Starch is an essential source of carbon for plant development, especially in floral organs during reproductive growth. To investigate the reason for the different starch and sugar contents in S. salsa ovules and flowers in the two treatment groups, we examined the expression of DEGs involved in sugar and starch metabolism. We identified 133 DEGs related to sugar metabolism and sugar transport in S. salsa flowers (Fig. 8a). These DEGs might participate in sugar binding, sugar transport, and sugar phosphorylation, including 77 upregulated and 56 downregulated DEGs. We also identified 94 DEGs involved in starch metabolism in S. salsa flowers (Fig. 8b; detailed information is provided in Additional file 8: Table S2). These genes, which may participate in starch binding, starch metabolic processes, and starch phosphorylation, included 55 upregulated and 39 downregulated DEGs. Finally, 30 and 27 DEGs involved in sugar and starch metabolism, respectively, were expressed at significantly higher levels (P < 0.05) in flowers from NaCl-treated vs. control plants; this upregulation likely increased the sugar and starch contents in these plants.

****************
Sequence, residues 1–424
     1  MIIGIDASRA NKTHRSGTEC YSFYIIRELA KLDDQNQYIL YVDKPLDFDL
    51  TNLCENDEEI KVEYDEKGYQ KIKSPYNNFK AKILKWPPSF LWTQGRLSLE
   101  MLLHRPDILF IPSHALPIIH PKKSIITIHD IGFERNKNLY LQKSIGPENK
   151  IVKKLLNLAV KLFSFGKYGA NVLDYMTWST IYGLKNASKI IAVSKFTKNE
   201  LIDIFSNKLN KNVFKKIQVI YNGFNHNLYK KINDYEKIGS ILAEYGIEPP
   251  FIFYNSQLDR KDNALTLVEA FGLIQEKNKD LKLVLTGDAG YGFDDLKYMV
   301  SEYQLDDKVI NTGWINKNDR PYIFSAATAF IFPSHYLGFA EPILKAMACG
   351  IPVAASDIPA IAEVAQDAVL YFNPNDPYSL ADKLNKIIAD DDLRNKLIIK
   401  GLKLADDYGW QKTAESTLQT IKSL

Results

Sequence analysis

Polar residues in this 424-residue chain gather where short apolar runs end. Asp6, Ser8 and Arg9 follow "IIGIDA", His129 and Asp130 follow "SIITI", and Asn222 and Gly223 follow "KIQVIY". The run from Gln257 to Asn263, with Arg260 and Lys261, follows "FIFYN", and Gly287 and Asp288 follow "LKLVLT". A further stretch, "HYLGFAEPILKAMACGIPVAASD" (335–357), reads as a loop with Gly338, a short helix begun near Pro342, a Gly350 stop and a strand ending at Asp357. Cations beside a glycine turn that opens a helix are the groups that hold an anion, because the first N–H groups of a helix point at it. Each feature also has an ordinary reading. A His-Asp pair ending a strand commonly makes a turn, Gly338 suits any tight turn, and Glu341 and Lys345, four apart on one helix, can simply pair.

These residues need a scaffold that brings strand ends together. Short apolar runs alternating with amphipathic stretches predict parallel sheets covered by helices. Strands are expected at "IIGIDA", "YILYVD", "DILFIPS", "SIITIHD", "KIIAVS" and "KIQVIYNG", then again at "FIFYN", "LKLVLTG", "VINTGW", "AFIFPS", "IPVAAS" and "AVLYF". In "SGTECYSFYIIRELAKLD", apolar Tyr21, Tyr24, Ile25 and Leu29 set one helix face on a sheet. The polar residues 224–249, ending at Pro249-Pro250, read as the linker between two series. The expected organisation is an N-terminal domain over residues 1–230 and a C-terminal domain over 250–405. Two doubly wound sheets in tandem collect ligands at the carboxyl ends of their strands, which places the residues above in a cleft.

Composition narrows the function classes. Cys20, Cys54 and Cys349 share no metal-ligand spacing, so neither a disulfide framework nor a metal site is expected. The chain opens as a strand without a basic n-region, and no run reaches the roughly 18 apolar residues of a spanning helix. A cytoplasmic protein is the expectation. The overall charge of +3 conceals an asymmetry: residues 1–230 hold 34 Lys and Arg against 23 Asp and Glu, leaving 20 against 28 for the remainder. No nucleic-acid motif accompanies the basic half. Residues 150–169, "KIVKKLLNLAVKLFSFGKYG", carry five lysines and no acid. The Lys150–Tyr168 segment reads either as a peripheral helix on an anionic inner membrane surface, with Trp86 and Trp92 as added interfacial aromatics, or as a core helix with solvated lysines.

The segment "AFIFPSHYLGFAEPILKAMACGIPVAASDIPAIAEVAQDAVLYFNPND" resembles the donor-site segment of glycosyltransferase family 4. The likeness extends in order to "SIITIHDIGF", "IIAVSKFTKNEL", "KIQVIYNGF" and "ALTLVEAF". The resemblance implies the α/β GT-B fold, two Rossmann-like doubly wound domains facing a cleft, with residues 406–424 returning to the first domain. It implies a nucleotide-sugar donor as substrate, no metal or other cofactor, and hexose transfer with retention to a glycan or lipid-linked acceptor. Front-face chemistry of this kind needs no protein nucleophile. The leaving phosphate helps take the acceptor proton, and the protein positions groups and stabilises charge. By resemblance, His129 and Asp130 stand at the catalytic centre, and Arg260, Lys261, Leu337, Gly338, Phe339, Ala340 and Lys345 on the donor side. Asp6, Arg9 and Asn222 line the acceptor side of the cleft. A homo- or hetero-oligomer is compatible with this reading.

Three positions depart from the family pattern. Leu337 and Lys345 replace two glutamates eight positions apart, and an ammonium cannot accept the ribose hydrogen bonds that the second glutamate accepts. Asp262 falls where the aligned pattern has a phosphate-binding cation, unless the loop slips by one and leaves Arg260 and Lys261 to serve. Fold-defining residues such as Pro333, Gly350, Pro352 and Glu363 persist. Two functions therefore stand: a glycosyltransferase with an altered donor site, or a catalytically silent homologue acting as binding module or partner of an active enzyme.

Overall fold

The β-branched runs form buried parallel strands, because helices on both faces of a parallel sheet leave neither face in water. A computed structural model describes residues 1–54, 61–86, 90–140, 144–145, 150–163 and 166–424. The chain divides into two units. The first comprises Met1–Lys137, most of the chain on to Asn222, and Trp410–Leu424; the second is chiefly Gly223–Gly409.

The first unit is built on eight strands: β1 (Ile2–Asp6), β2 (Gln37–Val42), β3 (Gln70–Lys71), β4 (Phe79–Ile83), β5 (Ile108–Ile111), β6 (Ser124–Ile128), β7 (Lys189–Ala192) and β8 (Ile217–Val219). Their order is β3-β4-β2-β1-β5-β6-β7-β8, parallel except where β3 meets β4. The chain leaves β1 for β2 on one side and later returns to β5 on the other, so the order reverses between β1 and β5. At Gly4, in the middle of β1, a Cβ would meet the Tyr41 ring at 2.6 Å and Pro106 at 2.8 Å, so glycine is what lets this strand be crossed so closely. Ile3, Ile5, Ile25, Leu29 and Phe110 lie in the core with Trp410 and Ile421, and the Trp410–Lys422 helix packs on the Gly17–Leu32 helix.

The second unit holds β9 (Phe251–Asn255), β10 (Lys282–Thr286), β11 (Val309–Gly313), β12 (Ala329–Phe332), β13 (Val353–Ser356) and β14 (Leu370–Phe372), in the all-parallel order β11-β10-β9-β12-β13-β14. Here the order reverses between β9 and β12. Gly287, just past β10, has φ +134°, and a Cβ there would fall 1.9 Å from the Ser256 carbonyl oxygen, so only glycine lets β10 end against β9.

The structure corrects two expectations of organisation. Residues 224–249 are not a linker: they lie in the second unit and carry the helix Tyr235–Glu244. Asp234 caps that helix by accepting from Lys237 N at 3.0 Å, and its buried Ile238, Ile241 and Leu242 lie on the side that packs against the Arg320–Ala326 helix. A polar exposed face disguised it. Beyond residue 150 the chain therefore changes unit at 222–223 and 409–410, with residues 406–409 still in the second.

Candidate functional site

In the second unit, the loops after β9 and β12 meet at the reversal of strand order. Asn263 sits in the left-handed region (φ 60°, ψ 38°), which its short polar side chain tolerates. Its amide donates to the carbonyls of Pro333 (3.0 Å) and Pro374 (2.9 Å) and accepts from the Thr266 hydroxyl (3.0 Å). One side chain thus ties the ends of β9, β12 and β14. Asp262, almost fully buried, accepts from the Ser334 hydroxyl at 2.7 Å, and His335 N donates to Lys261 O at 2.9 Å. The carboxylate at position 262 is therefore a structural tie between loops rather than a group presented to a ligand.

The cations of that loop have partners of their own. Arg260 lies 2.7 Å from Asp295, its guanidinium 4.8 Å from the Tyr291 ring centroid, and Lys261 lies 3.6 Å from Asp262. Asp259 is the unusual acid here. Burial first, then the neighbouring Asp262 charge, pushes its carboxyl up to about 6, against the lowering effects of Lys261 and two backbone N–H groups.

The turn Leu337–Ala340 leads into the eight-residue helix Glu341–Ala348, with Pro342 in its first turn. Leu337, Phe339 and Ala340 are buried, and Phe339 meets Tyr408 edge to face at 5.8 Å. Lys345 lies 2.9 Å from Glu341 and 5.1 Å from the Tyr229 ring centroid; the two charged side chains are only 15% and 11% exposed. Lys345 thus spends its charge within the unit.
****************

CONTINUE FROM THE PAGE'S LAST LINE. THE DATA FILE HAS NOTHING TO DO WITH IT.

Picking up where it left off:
Sucrose synthetase (SS, EC: 184.108.40.206), sucrose phosphate synthase (SPS, EC: 220.127.116.11), fructokinase (EC: 18.104.22.168), and phosphoglucomutase (PGM1, EC: 22.214.171.124) are key enzymes in sucrose and starch metabolism. SS plays a vital role in the conversion of glucose and fructose to sucrose, as do SPS and PGM1. Based on our RNA-seq data, genes involved in this pathway were expressed at higher levels in S. salsa flowers from NaCl-treated vs. control plants, such as genes encoding SPS (two upregulated DEGs), SS (eight upregulated and two downregulated DEGs), and PGM1 (two upregulated DEGs). These findings are consistent with the high sugar content in the flowers of NaCl-treated vs. control plants (Additional file 7: Figure S6).
Verification of RNA-seq data using qRT-PCR
To confirm the changes in gene expression detected by RNA-seq, we subjected ten randomly selected DEGs to quantitative qRT-PCR. The results from qRT-PCR are in close agreement with the RNA-seq data, with a correlation coefficient of R2 = 0.90 (Fig. 9), thus verifying the reliability of the RNA-seq results.